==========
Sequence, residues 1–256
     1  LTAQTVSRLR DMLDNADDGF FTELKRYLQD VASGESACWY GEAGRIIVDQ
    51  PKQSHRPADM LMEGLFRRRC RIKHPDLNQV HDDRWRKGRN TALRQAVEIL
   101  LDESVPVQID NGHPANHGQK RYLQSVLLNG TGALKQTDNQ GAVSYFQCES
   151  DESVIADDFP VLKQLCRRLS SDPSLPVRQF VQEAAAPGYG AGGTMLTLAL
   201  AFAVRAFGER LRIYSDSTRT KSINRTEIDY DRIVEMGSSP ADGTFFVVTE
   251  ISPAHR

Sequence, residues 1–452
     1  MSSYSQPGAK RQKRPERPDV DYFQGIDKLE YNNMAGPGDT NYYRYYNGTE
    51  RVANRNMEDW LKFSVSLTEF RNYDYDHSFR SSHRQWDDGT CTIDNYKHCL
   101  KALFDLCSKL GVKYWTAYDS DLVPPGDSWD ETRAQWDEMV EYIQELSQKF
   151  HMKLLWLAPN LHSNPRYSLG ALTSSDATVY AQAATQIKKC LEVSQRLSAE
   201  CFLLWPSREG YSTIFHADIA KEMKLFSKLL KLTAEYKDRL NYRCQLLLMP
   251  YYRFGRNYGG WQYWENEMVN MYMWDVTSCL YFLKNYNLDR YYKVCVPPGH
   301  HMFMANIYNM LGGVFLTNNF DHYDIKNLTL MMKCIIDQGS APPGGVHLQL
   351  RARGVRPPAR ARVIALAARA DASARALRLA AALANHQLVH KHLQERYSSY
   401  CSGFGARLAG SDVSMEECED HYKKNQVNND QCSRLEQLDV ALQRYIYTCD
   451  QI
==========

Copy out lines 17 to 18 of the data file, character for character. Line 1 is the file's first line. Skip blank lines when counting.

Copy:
   401  CSGFGARLAG SDVSMEECED HYKKNQVNND QCSRLEQLDV ALQRYIYTCD
   451  QI